WWW. WEDNESDAY asks three questions to
prompt you to speak bookishly. To participate, and to see how other book
lovers responded, click here.
1. What are you currently reading? Murder on the Orient Express by Agatha Christie. There are few movies I've seen as often or enjoyed as much as the 1974 film version of this book. Dame Agatha herself saw the movie and approved, which is indeed high praise! So when I found the book on the shelf of my local library, I snapped it up. I want to see if the movie I'm so fond of tracks with the original work.
So far it does. Knowing whodunit does not diminish my enjoyment. As Poirot interrogates the passengers, I hear Albert Finney as Poirot and the cast of the '74 film (especially Vanessa Redgrave's Mary Debenham and Wendy Hiller's Princess Dragomiroff). It's like spending time with dear old friends.
2. What did you recently finish reading? Natalie Wood: A Life by Gavin Lambert. The lady was complicated. Beginning at the age of 7, and until her second marriage to Richard Gregson at age 30, she was the main breadwinner of her family -- Mom, Dad and kid sister, Lana, all lived off of her. She felt their love was conditional, based on her working (and frankly, I'm not sure she was wrong about Mom and Lana; Dad is a more sympathetic character). Then she married a successful producer/agent, had a baby, and wanted to concentrate on being a wife and mother. When she and Gregson divorced and she remarried Robert Wagner -- by now he was a successful TV star -- she still thought being a homebody was her greatest ambition.
But she was like a firehorse, pawing at the dirt when she hears the bell. After a few years, she wanted to go back to work. Not for the money, not for the fame, but for the satisfaction it would give her. But there was a desperation to her quest to revitalize her career. She was now over 40, a dangerous age for beautiful Hollywood actresses.
There was guilt attached to leaving her little girls. There was her husband, who was supportive of her theoretically, but not entirely in practice. He appreciated her talent, but he liked having her home, too.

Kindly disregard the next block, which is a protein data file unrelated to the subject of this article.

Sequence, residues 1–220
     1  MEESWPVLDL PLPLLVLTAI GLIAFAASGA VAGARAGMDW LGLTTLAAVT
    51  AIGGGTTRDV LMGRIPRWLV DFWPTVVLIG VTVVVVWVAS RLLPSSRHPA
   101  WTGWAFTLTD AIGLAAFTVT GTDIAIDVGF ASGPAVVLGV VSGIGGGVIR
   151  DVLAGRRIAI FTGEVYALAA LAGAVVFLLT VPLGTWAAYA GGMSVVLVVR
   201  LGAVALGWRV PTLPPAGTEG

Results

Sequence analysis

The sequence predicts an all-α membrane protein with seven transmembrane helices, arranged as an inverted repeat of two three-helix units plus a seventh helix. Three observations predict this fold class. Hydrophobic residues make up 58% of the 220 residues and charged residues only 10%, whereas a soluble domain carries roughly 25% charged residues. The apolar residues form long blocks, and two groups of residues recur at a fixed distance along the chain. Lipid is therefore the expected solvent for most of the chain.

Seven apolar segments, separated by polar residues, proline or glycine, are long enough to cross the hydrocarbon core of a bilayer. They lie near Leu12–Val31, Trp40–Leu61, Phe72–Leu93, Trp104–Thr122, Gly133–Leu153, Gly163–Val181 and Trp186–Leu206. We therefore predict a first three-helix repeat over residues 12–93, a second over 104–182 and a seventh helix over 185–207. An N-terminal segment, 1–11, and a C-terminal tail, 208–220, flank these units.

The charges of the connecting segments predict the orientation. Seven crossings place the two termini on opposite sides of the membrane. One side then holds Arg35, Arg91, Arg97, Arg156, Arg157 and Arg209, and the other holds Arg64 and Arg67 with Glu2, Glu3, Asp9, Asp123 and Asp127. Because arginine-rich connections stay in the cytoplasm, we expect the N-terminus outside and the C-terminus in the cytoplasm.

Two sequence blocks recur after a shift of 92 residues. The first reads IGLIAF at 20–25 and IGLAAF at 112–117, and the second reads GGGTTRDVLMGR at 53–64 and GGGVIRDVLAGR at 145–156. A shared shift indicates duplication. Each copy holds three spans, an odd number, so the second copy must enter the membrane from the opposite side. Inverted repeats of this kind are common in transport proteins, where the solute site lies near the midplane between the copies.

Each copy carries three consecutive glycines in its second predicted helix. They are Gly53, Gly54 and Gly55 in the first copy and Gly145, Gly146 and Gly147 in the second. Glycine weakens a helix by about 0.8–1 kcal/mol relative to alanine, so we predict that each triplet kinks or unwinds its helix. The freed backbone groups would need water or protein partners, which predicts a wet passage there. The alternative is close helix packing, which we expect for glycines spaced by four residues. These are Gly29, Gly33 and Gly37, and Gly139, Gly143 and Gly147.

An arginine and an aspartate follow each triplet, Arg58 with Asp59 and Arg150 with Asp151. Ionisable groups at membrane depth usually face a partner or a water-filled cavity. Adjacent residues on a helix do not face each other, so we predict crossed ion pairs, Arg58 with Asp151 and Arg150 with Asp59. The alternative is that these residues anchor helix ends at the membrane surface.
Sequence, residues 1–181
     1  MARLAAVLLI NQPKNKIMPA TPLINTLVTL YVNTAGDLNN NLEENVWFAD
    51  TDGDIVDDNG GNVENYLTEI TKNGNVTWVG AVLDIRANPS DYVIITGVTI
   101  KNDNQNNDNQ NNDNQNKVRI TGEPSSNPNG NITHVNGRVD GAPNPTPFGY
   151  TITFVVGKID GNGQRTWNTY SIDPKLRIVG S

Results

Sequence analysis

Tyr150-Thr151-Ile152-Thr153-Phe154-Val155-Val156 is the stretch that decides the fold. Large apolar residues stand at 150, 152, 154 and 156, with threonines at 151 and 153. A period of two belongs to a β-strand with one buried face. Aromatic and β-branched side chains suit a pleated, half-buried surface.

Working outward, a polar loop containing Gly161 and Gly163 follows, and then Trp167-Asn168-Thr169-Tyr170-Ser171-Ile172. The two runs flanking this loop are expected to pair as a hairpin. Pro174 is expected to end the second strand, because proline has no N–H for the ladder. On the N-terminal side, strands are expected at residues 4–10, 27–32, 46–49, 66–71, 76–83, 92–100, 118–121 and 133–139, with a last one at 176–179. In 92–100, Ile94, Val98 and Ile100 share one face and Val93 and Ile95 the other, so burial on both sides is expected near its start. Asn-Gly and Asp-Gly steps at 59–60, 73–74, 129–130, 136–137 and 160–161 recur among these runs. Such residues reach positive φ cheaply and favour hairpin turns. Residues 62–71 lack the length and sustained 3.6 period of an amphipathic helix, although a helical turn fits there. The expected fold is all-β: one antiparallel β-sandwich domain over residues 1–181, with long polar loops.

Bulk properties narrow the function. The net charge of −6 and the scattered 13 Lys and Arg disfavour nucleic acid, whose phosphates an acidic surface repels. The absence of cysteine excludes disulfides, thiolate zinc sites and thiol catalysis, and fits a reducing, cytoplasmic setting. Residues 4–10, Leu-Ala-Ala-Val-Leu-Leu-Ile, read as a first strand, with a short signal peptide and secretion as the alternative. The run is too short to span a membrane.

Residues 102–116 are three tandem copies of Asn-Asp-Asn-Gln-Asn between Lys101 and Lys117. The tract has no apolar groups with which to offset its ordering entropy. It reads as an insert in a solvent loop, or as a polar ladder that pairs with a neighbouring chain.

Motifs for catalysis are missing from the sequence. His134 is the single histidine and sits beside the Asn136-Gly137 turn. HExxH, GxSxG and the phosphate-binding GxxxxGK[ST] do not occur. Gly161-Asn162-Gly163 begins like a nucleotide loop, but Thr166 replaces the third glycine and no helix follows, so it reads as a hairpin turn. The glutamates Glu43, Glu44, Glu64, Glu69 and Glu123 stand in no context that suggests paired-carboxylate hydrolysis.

She couldn't sleep without sedatives. She liked wine too much. She had a dangerous penchant for "swishing her tail" (a friend's euphemism for Natalie's flirting) when she felt ignored or unappreciated. Her beloved father died, and her mother and sister began leaning on her more and more for money and attention.
This was the woman who went overboard that fateful Thanksgiving weekend. A woman bedeviled by demons.
But she was also hopeful about the future. She was about to make her stage debut in Anastasia the following February and was enthusiastic about the wardrobe and casting. If the play had been a success, she could live a structured and comparatively normal life with her family for the run of the show. She was looking forward to coordinating her personal and professional lives.
She also had a loving, supportive network of friends -- including Wagner's adult stepsons from his second marriage to Marion Donen -- and I liked her for that. She clearly had an open and generous spirit. I also admired several of her films. So I enjoyed this portrait of her as a woman and an artist.
I don't know that I recommend this book, though. Gavin Lambert, who actually knew Natalie, spends an inordinate amount of time on Maria, Natalie's mother. I get it: she was a monster. Maria Gurdin shoved her little girl into a career and then proceeded to live through her, controlling her daughter largely with guilt. But this could have been established in far fewer pages than he devotes to this thoroughly unpleasant woman.
3. What will read next? Fiction. Not exactly sure which book.